Unclaimed Inheritance from Wills are Normally Unreported.
Unclaimed inheritance from Wills creates a surplus of several billion dollars in unclaimed money each year. Millions of Americans do not realize they are entitled to money owed to deceased relatives or money left to them through the decedent's Last Will and Testament.
One of the most looked over unclaimed inheritance from Wills stems from life insurance policies. Most people do not realize that when someone dies, the heirs must notify the insurance company. If heir apparents are unaware of life insurance policies, the issuing company rarely makes an effort to locate beneficiaries
When deceased relatives leave no Will, or their Will has not been updated, their assets are transferred to probate. In many cases, beneficiaries are unaware they have been named in the Will or that the probate court transferred the assets to them. This occurs when beneficiaries named in the Will have also passed away and direct lineage heirs cannot be located.
Recently, an associate discovered he was owed $1678 in unclaimed life insurance benefits. His grandmother passed away five years ago and had named his mother as the beneficiary on her life insurance policy. His mother passed away in 1998 and his grandmother did not update her Will.
One day, his wife decided to search unclaimed money websites and discovered the life insurance was sitting in Georgia's Department of Revenue. By submitting a claim and providing a copy of his grandmother and mother's death certificates, he received his unclaimed inheritance within a few weeks.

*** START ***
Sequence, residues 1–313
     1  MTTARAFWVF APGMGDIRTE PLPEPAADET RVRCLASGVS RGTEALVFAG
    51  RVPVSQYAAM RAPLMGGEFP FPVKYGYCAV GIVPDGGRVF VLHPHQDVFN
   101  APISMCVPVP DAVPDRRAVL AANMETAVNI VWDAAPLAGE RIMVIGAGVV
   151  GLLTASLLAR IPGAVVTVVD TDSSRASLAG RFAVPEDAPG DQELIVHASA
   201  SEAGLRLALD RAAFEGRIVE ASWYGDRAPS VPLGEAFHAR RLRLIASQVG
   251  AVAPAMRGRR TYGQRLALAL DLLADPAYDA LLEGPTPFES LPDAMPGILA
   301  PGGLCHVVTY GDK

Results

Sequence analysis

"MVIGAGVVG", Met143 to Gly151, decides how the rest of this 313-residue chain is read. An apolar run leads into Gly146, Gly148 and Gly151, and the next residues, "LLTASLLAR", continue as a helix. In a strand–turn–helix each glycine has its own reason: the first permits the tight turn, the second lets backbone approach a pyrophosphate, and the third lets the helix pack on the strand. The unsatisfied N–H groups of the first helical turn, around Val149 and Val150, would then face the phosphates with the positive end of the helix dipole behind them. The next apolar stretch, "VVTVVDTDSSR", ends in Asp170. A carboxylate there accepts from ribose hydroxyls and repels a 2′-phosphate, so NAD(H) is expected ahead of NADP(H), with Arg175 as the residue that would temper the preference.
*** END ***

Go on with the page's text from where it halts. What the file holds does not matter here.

Unclaimed assets must be held for a set period of time before they are considered legally abandoned. This is referred to as the 'dormancy period'. Dormancy periods are set by law and vary depending on the type of property involved. Typically, dormancy periods range between one and five years.
Once the dormancy period has elapsed, unclaimed inheritance from Wills must be transferred to a government property trust account. This process is known as 'escheat'. In 2007, more than $22 billion in assets were transferred to escheat. Of that amount, less than $916 million was claimed by heirs. The remainder is still sitting in trust accounts in every state of the nation.
The majority of unclaimed inheritance from Wills stems from unreported changes of address, expired postal forwarding, incomplete or illegible records, and name changes after marriage or divorce. If you have moved or changed your name, the probate court might not be able to locate you to inform you of your inheritance.
There are numerous companies which charge a fee to conduct searches for unclaimed money. However, you can locate unclaimed money through each individual state's Department of Revenue. Simply type in "Unclaimed Money+Name of State" at your favorite search engine to locate the appropriate website.
Another good resource for locating unclaimed inheritance from Wills is The Final Arrangements Network. This website provides a listing of websites for all 50 states and does not charge a fee for the information.
Learn more about probate, inheritance laws, probate attorneys, unclaimed money and more in our comprehensive blog. If you are currently owed money from inheritance held in probate and need cash, contact Simon Volkov today to learn about obtaining cash for inheritance.